Somewhat amazingly.... we were close enough to make it work. I was about 1 mm off, but was able to "nudge" the left-side section into place with a mallet.
More Unconventional Cuts
|The poles slowed me up, but couldn't stop me.
They're going to be wrapped up in wood, with a craftsman-style "newel post" look.
That's going to increase the size of the poles somewhat - so I didn't have to cut the NuCore exactly flush with the posts.
I measured carefully... then used my angle grinder with a cutting blade. It wasn't perfect, but I more or less got the cuts where they needed to be.
I imagine that a pro would use a reciprocating saw.
But, I'm saving a ton of cash by installing myself.
So What Does it Cost?NuCore is a mid-range Luxury Vinyl product - the version we chose was $2.59/sq.ft.
So, we were in for around $2,500 for the floorboards themselves.
Based on multiple quotes, it was also going to cost $2,000+ to install the floor... so this is a DIY project that provided real value.
For $2K, we can buy the sectional sofa that's going into the basement living room, and still have some cash left over!
I'll be finishing the NuCore install later today.... have to stay ahead of the contractors who are installing doors and trim.
Here's how it looks right now:
|View from the TV, looking back at the drink ledge. Stairs to the left..
I'm also getting quite a bit better at laying the NuCore planks.... to the point that I'm half-considering lifting and re-laying some of Sunday night's work.
I probably won't... but it's frustrating to see how much better the install looks when you're well-practiced, and can appreciate the almost infinitely-small tolerances required for a perfect "fit".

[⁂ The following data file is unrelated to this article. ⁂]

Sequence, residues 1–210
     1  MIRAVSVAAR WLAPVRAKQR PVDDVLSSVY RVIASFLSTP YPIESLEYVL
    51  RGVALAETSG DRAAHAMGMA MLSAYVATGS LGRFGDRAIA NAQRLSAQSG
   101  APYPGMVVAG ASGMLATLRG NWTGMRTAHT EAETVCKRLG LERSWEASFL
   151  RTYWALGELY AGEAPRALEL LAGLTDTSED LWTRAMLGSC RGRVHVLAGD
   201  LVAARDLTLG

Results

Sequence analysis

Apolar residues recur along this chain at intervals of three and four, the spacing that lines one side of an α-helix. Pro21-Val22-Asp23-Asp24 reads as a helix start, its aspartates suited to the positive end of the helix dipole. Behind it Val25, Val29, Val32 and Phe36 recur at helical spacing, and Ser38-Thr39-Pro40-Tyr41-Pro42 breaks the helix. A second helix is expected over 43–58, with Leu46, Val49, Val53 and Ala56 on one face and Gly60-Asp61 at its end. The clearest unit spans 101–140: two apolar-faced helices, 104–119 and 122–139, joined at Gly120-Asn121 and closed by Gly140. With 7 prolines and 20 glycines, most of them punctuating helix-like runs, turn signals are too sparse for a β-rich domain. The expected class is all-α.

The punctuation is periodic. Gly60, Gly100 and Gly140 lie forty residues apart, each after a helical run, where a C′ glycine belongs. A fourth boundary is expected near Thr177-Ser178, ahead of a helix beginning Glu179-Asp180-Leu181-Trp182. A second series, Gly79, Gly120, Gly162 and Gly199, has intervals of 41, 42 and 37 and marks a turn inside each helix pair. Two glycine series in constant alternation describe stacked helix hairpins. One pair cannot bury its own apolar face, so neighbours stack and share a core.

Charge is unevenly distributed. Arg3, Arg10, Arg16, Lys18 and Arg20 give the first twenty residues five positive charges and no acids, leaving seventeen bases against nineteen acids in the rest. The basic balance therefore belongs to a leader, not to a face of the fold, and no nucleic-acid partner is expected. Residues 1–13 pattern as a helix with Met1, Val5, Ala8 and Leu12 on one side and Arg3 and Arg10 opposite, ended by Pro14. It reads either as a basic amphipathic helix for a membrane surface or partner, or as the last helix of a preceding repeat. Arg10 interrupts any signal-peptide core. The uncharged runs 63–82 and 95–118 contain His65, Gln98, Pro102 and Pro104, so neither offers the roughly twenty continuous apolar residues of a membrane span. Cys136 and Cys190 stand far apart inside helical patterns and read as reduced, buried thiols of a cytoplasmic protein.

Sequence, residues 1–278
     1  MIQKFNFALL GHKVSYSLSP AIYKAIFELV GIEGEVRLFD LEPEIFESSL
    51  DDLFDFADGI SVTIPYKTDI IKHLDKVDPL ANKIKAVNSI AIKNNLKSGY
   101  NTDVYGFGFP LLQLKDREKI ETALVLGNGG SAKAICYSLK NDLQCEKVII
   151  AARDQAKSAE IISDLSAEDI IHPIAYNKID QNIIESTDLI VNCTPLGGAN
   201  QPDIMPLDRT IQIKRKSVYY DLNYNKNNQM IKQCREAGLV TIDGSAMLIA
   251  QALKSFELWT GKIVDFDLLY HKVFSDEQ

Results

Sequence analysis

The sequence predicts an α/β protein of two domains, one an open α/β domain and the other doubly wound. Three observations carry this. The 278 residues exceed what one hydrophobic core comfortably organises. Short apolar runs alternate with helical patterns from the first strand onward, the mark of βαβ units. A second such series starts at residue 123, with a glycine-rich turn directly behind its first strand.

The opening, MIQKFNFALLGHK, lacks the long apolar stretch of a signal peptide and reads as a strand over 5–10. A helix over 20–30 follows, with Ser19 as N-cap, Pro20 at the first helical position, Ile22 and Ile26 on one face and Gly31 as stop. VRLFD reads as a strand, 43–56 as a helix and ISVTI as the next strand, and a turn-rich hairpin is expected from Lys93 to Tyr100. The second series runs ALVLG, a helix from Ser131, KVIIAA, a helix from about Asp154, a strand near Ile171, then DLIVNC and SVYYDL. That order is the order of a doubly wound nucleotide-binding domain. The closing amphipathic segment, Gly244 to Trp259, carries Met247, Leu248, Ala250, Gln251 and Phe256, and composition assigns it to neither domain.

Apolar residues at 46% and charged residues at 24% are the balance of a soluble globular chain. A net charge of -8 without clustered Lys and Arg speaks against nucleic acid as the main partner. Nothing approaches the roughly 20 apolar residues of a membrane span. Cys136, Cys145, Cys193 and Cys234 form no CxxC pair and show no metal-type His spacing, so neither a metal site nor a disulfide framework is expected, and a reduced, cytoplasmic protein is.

Also, I definitely see the overall plank pattern - no two planks are exactly identical, but the same markings show up throughout the floor.
I imagine that F&D has a 15-foot repeating "wood pattern design", and then cuts 4-foot planks from that design. So a certain "knot" may be at the center of one plank, and toward the edge of another.
NuCore definitely LOOKS like wood.
I'm not sure how many different "prints" NuCore makes on different planks.... I'm not sure I've ever seen one repeat!
(So don't worry about seeing the same pattern of grain and knots over and over again.)
It installs easily. This is, literally, a "do-it-yourself" project. You, the reader, can do this yourself.
I can't speak to its durability - we'll be moving furniture around on it soon enough, and if it scratches easily I'll be disappointed.
It's waterproof, or at least "water resistant".
It's likely that a pro installer would have given us a more-waterproof floor - My install has the odd "bad seam", which is tight, but not PERFECTLY tight. This would appearto allow liquid to seem through. Still, it's waterproof enough.
If you're walking barefoot, it doesn't really feel like wood, but I'm not sure that's a legitimate gripe.
The floor feels like what it actually is - a textured vinyl floor.
That can mean that it feels "plasticky" - but maybe that's just because I know that it's vinyl. No one else has shared my "complaint" yet.
RE: underlayment -- There are definitely spots where our concrete floor wasn't perfectly level - And in those spots, there's a bit more "give" to the floor.
Again, not a dealbreaker... but it reminds you that you're walking on a floating floor product.
Ultimately, time will have to tell. But so far, we really like what NuCore has to offer.
It's has the look of wood, with some additional benefits (water resistance) that will come in handy in a basement installation.
So far - a pleasantly surprised THREE STARS.